Danny Boyle’s opening ceremony for the London 2012 Olympics was a genuine surprise, a modern masterpiece. With a cracking score by Underworld, the loving attention of thousands of volunteers, stunning set pieces and a programme that was just on the right side of pantomime, the event as a whole was a stunning introduction to the Games. The opening twenty minutes, in particular, were simply astonishing: the Industrial Revolution sequence looked like a modern, live version of Fritz Lang’s Metropolis in the centre of East London.
Boyle’s masterpiece was always going to be a hard act to follow, but ultimately yesterday’s Closing Ceremony, directed by Kim Gavin, astonished me again—with how dreadful large portions of it were. I’m not alone in this thought, but I think my main complaint is simple: it was vacuous.
Consider the Opening Ceremony, which began with a soliloquy from The Tempest read by Kenneth Branagh as Isambard Kingdom Brunel. After a mesmerising and jaw-dropping seventeen-minute Industrial Revolution, we were treated to a quintessentially British cultural feast.
We had an entertaining skit with James Bond and the Queen, and a masterstroke in the revelation that Mr Bean was playing the synthesiser on Chariots of Fire. We were treated to a dance with the staff of the NHS and children from Great Ormond Street, a reading from Peter Pan by J.K. Rowling, arguably the most important children’s author of our generation—complete with a giant inflatable Lord Voldemort. We had a montage of the greatest pop songs of the generation, and even Sir Tim Berners-Lee, inventor of the World Wide Web, at an authentic NeXT Cube.
The Opening Ceremony was as great an advertisement for the United Kingdom as a country, and for London as a city, as could possibly be conceived. It made a very clear statement: we British helped instigate the industrial and digital revolutions; we are proud of our cultural icons, our history, and our National Health Service; we believe in building a better future for everyone. This was reflected perfectly in Thomas Heatherwick’s exceptionally novel cauldron design, featuring a “petal” for each individual country entering atheletes to the Games. Boyle himself stated, in no uncertain terms, “this is for everyone.”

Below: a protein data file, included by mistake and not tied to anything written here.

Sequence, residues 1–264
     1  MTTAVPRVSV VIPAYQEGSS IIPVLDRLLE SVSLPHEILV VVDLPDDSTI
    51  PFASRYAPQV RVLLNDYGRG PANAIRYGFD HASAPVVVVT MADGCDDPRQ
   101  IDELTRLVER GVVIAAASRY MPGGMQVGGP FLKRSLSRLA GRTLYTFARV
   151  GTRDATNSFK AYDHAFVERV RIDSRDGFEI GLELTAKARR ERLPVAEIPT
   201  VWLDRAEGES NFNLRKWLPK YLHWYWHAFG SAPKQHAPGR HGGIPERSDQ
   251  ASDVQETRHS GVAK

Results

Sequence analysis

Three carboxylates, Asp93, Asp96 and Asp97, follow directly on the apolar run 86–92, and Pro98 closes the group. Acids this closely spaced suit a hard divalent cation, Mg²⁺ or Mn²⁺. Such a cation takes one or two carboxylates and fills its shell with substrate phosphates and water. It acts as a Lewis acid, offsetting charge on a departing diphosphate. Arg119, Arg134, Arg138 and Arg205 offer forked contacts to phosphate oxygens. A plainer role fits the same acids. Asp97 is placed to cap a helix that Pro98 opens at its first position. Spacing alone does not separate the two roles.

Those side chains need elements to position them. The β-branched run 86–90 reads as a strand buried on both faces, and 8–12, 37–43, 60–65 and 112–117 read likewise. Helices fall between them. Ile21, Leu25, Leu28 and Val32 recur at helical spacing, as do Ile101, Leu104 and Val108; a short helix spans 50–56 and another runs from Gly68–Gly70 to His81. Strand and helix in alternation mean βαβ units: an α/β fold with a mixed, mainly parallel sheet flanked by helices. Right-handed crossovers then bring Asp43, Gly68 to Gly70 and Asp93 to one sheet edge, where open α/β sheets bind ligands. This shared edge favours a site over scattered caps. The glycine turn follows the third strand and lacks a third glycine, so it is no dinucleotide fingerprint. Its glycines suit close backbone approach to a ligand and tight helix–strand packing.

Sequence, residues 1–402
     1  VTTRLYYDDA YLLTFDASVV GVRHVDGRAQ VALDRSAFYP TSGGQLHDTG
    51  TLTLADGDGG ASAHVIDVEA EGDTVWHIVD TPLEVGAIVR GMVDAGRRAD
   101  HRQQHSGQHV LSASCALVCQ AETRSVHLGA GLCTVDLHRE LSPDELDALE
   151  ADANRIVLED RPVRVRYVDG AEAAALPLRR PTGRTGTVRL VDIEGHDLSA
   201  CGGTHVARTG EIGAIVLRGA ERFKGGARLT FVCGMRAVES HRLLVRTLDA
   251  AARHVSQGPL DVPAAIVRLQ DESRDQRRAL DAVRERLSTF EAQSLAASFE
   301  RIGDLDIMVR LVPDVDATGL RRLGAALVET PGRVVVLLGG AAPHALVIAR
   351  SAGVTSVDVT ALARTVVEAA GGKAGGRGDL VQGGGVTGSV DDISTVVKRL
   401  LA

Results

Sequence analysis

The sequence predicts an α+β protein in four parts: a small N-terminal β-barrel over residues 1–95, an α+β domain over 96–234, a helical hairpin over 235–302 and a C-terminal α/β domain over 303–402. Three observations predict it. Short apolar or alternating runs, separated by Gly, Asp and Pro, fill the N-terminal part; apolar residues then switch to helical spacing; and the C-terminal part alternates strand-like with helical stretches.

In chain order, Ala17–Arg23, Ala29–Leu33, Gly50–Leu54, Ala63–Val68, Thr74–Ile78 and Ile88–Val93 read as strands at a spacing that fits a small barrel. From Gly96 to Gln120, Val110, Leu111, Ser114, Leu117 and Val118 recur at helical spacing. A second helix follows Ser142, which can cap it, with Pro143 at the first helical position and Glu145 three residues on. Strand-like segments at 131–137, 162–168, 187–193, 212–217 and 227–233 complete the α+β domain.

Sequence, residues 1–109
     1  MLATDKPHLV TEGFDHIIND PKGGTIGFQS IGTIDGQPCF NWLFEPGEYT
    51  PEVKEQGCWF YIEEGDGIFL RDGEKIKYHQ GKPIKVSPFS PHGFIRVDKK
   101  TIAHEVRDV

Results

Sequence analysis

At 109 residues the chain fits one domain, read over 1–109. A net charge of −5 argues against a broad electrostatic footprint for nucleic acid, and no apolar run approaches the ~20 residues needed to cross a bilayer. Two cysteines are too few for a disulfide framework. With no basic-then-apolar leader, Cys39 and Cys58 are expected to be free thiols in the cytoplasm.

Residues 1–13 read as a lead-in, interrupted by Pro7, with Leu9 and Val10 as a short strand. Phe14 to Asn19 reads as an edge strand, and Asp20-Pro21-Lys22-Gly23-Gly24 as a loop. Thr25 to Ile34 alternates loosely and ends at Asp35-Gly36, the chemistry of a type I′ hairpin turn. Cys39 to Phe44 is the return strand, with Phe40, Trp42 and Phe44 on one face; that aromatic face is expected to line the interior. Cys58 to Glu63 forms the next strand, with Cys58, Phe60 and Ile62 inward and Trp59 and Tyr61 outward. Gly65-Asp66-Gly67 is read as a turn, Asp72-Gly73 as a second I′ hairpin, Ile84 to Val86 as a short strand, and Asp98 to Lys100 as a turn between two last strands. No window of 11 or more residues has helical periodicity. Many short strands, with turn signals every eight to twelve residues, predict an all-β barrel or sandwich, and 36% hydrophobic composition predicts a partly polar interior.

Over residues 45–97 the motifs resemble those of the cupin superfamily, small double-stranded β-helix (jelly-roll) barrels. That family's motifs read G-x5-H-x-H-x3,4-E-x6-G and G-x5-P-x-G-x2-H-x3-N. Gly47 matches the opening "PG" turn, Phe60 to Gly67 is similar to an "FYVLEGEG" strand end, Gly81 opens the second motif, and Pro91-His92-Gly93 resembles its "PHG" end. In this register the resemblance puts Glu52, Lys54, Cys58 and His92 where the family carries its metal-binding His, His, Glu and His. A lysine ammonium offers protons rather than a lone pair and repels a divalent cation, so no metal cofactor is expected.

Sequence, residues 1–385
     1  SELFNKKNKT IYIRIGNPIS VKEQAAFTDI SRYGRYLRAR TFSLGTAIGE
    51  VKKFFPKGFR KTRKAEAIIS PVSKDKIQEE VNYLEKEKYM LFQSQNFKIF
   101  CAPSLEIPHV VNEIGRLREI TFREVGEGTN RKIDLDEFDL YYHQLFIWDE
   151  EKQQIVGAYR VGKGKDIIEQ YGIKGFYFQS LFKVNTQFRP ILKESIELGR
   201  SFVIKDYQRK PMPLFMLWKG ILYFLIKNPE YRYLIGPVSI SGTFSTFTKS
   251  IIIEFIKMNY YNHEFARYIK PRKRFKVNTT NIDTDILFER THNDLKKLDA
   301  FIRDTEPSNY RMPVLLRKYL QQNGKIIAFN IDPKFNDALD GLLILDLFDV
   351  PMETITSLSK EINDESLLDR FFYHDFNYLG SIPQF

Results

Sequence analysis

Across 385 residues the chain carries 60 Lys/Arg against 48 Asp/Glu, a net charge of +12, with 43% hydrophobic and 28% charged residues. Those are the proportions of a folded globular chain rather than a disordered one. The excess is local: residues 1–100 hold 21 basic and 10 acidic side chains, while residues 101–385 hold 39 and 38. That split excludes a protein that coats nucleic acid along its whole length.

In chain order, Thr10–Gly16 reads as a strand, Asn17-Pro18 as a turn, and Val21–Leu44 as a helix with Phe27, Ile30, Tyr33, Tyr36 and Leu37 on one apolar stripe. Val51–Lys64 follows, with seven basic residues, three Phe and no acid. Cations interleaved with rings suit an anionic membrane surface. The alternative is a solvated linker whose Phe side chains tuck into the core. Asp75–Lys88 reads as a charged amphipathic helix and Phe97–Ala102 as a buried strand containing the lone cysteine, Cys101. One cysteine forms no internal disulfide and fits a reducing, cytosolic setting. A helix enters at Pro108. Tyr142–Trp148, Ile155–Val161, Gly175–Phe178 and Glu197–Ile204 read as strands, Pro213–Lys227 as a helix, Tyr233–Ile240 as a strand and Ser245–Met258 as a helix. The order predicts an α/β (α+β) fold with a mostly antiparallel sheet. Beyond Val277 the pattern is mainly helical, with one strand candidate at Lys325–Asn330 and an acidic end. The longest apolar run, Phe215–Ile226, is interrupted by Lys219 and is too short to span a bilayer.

In comparison, yesterday’s Closing Ceremony, directed by the altogether less-renowned Kim Gavin, felt old-fashioned, incoherent and disjointed.
The bulk of the ceremony consisted of pop music performances—many without the original artists present. From a surprisingly muted rendition of Waterloo Sunset to a pre-recorded Kate Bush song over a dance routine involving a giant monochrome Lego podium, it created the illusion of being an amped-up Children in Need concert (with the main beneficiaries being McDonald’s, Samsung and Coca-Cola.)
Jessie J valiantly attempted to salvage something from the wreckage around halfway through with a passable rendition of We Will Rock You with Brian May, and the Spice Girls were as acceptable as ever as they arrived in decorated taxis. Elbow, Annie Lennox and Take That also made appearances, but even these leviathans of pop music were unable to cover the fact that the organisers didn’t even bother to come up with a separate playlist for the atheletes’ entrance, instead repeating the songs that had already played on a loop.
Even Eric Idle, a guaranteed crowd-pleaser with Always Look on the Bright Side of Life, was inexplicably shoehorned into the middle of the ceremony, before the forced-emotion speeches of Lord Coe and the IOC’s President. The Who rounded off with a decent set, but even that wasn’t enough to clear out the sour taste in my mouth.
The most genuinely baffling moment—even more than Russell Brand butchering a song from Willy Wonka—was when eight fashion models (only one of whom was male) appeared from inside eight lorries. Even accounting for the knowledge that fashion is one of London’s greatest exports, this turn is difficult to rationalise. Is this what we want to say to the world? “We British can produce unhealthily thin and implausibly attractive women whose job is to look pretty in front of a camera.”
This is not to criticise the models themselves: although hardly in the Olympic spirit, given Kate Moss’s history of drug use, I’m sure they’re all reasonably nice people (except Naomi Campbell, who has a conviction for assault.)
Overall, the whole thing was a basic antithesis to the opening ceremony, and not in a good way. If Boyle’s ceremony was like Metropolis, Kim Gavin’s closing ceremony was more reminiscent of Vampires Suck! with an added performance from pubescent Cowell-backed boyband One Direction.
We were promised the world’s biggest, cheesiest afterparty: unfortunately, by the time it had started to get good, most of us were already on the street outside, in the pouring rain, miserably waiting for the night bus home.